Wow! What a tremendous effort! Kevin and his fellow volunteers (if he has some) who perform that effort are truly exceptional since hauling water and making sure that the plants that have had so much time and effort invested in them don't die during this annoying lack of rain helps make all of the effort remain worthwhile.
You know, there are a number of volunteers who come out and pick up garbage either every weekend or every other weekend, and that's not only a difficult and endless job, it's not exactly an enjoyable one. Alan and Wayne, just to name two such volunteers, do that and I personally find litter clean up to be a lot of unfun. I've talked with two forest visitors who also pick up trash from time to time, and I know that many hikers and campers will police the trails they walk on.
Good on all the lovely people who clean up other people's garbage, including the people of the U. S. Forest Service, many of whom do it every day of the week. Thank you!
We got to the Visitor Center up at the Recreation Area and had a bit of a discussion about how to proceed. Eventually the volunteers got things sorted out and wound up at the Golden Cup Nature Trail where Mike, Tom, Janette, Bill, Lou, Bernie, and others had already started working. Further up the trail Bron and some Scouts were already working on the section where the rock bridge was to go in. They had marked the proposed path out with bright orange spray paint every few feet or so.
A safety meeting was held with the Eagle candidate trying to make sure that all of the volunteers paid attention to the briefing.
Safety is a major aspect of what the San Gabriel Mountains Trailbuiders, Bron, and the U. S. Forest Service concern themselves with on these types of projects, and touching upon how the various sharp, pointy, and at times dangerous tools are safely used is part of the before-work ritual, even when the volunteers are old hands who have been doing this work for years.
The heavy equipment -- the chains, cables, and grip hoists -- were to be used by the young volunteers and some effort was suggested to make sure that anyone who wanted time on the equipment be afforded the opportunity. Because the equipment is used to move heavy boulders, Bron talked briefly about the "zone of death" around the cable and other parts that could conceivably move quickly if the equipment were to fail for any unusual reason.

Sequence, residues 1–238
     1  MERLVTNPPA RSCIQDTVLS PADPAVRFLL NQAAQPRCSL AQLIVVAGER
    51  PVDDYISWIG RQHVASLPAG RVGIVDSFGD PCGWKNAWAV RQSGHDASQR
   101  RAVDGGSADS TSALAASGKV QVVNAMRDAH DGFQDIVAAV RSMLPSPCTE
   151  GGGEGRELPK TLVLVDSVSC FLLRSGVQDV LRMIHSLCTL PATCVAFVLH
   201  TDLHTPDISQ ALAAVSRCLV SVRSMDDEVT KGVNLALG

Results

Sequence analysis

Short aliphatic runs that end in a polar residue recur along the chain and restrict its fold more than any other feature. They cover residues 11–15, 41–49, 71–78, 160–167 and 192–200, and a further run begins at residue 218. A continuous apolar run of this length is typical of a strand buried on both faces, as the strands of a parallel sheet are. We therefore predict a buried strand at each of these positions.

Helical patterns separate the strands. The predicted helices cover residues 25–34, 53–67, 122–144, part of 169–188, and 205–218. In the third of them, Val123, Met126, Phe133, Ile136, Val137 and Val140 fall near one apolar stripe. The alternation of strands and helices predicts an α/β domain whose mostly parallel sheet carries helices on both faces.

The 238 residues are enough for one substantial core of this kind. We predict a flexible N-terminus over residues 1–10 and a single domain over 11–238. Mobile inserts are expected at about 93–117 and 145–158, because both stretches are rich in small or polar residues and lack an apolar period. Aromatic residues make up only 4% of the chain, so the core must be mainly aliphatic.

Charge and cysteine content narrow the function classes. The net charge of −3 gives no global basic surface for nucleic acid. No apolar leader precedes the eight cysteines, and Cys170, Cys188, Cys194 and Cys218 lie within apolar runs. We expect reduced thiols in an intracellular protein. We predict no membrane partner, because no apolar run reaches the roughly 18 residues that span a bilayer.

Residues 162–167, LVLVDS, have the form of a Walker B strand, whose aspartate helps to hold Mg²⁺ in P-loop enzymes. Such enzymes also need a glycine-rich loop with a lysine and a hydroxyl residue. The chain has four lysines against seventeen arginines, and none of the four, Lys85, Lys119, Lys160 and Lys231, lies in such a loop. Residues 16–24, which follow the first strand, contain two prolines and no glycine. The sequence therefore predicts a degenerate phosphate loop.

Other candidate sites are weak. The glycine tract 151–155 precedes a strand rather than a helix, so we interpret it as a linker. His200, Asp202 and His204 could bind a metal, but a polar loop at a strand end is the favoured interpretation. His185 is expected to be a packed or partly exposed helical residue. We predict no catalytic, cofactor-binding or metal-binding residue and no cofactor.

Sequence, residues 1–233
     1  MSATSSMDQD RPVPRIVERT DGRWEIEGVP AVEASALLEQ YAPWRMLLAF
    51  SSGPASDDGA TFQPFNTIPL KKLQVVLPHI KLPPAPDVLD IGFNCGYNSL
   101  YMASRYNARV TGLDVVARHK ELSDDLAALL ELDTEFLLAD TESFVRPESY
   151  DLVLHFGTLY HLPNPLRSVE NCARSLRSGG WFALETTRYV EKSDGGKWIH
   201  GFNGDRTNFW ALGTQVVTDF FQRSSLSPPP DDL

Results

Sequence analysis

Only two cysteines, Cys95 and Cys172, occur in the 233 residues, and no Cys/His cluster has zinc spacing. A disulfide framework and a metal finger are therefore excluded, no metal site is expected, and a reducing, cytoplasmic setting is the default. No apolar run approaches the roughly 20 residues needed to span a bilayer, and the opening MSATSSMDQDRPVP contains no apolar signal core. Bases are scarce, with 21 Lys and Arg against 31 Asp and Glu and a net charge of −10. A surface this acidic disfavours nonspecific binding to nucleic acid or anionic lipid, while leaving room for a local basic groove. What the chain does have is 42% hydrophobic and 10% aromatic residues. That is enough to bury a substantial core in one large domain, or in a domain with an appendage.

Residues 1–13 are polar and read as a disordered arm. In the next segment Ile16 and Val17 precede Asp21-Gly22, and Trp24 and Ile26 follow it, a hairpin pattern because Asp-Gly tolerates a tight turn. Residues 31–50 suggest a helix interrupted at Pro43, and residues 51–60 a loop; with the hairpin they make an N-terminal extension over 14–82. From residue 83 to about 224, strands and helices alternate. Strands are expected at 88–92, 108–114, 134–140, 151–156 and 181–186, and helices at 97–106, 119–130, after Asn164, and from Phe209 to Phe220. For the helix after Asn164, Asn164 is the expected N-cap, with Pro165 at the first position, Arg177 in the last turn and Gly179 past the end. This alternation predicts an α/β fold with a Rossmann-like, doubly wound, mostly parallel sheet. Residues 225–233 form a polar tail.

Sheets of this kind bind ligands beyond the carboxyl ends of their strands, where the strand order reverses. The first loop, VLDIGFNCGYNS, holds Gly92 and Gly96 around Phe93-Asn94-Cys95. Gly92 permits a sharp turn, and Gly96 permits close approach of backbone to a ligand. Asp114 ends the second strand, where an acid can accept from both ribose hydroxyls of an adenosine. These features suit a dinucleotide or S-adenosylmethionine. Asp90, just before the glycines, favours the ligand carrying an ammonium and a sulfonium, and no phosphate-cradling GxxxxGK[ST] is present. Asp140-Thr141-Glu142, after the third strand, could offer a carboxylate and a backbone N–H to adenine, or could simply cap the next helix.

Three work efforts settled out in the mix today. Many of the younger volunteers worked with shovels and buckets to collect all of the rocks, gravel, and sand that would be used to start rebuilding the trailhead, filling in dips and creating solid water barriers. A crew of volunteers worked to spread the gravel around and establish the water barriers. The larger group of young volunteers worked on the rock bridge.
I like to get photographs of these things before work begins, while the work is progressing, and final photographs after all the work is done and everyone else has headed back down the mountain. I usually have my old yellow backpack and sleeping bag with me so I can spend the night and bicycle down in the morning yet somehow I must have decided I wouldn't spend the night as usual since I didn't bring what I needed. Ah, well. Next time.
While I was filling buckets and helping to carry them to the trail, the pins in one of the grip hoists broke so Ben stopped the gravel-and-bucket he was doing and headed toward the rock bridge effort. Since I wanted to get more photographs I went with him.
A Scout held the new aluminum pins for the hoist while Ban tapped them gently into place with a sledge hammer and -- saying loudly so that all of the kids gathered around the repair job could hear -- I cautioned Ben about the last time he had someone hold something while he pounded them in.
Ben asked me -- also loud so that the kids could hear -- "You mean ole' Flat Thumb?"
I agreed and added -- this time while nodding to the kids gathered around -- that the guy hadn't stopped screaming for nearly three hours.
By this time the Scout who had been holding the short metal pins had moved his hands out of the way while Ben continued to tap them in to place. A Scout asked me if that had happened up here in the lake area and I admitted that Ben and I were just joking. The looks Ben and I got from most of the younger kids... Well I don't think that any of them believed that Ben and I had been joking about smashing someone's thumb and the guy screaming for hours afterward. I think when Ben and I left, they still believed we'd maimed someone.
I should add that this wasn't the first time that Ben had been naughty and filling young boy's heads with images of injury and dismemberment. I can't recall what trail it had been but we had been talking about not drinking the water because giardia and other microbes and stuff would make people sick and cause all kinds of serious medical problems.
Ben turned around with his right eye blinking really heavily and said to the crowd of kids nearby, "You mean like ‘Blinking Eye?'" I barked out laughter which kind of ruined the joke for the older volunteers but I saw with even more amusement some of the younger kids stand there, mouths open, gloves on their hands, rooted in place while they stared at Ben's face.
With the sound of tools ringing against rocks and the noise of rambunctious and hard working boys also ringing among the trees, I picked up a tool and hiked the length of Golden Cup. The San Gabriel Mountains Trailbuilders had done a very good job restoring the nature trail with a set of volunteers last year and the only major new problem on the trail was the mountain of pine tree bark that had accumulated on the trail around a huge dead pine tree.